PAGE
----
understand that the function of a demand letter (whether from the
    creditor or creditor's attorney) is to achieve simply this: put you on
    notice of the demand.

    But once having been given such (especially if: assertedly erroneous)
    notice, it is open to the demand's recipient to sue, if s/he believes
    (or ought believe) there is a jural controversy that warrants
    immediate judicial interverntion (you've also never explained why you
    did not do this) or (unless and to the extent that the nature/contents
    of such notice requires more) explain to the court in a lawsuit by the
    creditor why the notice ought bar the claims sued for in whole or in
    part.

    (ONe legal "buzz-word" summarizing these principles is that previously
    noted -- namely, "DUH!")

    The probably more important question (for you), given the apparently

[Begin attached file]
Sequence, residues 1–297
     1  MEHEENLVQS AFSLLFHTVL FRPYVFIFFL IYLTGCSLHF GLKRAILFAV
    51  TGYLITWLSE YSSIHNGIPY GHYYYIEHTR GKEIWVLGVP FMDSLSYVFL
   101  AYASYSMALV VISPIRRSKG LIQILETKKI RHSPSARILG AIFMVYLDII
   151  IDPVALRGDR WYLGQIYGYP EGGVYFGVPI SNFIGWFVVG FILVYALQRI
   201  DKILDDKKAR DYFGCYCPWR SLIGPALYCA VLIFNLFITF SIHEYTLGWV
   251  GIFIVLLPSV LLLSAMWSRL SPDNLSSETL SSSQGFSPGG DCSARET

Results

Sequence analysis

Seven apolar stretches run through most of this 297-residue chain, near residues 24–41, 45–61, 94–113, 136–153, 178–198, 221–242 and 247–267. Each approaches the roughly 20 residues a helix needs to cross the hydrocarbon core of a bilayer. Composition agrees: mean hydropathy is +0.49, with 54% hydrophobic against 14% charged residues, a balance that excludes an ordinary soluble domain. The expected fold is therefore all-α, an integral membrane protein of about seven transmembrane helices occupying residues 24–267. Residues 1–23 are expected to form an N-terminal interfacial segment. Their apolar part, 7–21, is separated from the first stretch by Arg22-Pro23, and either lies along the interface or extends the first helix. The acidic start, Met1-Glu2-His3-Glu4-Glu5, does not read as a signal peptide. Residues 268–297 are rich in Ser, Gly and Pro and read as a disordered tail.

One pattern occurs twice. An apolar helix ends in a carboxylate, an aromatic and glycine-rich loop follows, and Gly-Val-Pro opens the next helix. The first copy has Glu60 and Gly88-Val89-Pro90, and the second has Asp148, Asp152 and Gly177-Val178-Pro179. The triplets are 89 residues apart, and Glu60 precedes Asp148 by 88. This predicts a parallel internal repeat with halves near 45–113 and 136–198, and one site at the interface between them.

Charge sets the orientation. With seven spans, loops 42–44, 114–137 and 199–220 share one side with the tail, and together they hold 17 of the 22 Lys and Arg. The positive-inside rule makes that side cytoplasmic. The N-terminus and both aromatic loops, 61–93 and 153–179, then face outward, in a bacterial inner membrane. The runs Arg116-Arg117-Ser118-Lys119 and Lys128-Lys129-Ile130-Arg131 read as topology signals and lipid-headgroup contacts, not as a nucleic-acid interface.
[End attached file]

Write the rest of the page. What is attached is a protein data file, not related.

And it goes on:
still on-going yet by you still disputed "open account" nature of your
    relationshp with the utility, is that suggested to you long ago by one
    of the responses to your earlier postings -- namely, whether your
    agreement with or the legislation/regulating your relationship with
    plaintiff utility company contains some sort of "account stated"
    provision (e.g., in effect even if not in this exactly language, "the
    customer shall object in/by a writing mailed or otherwise delivered
    within __days for the date of a bill stating in detail what the
    customer claims to be the mistake/error and, if s/he or it fails to do
    so as/when herein stated, this bill shall be deemed, and shall become,
    final and conclusive through the date it states).

    (Though you've also never made suffiently clear in any of your
    postings whether plaintiff utility company sought to make an issue of
    this, a related principle in your country [as in Gt Britain and in
    most places in the U.S.] might be whether, even if there was not such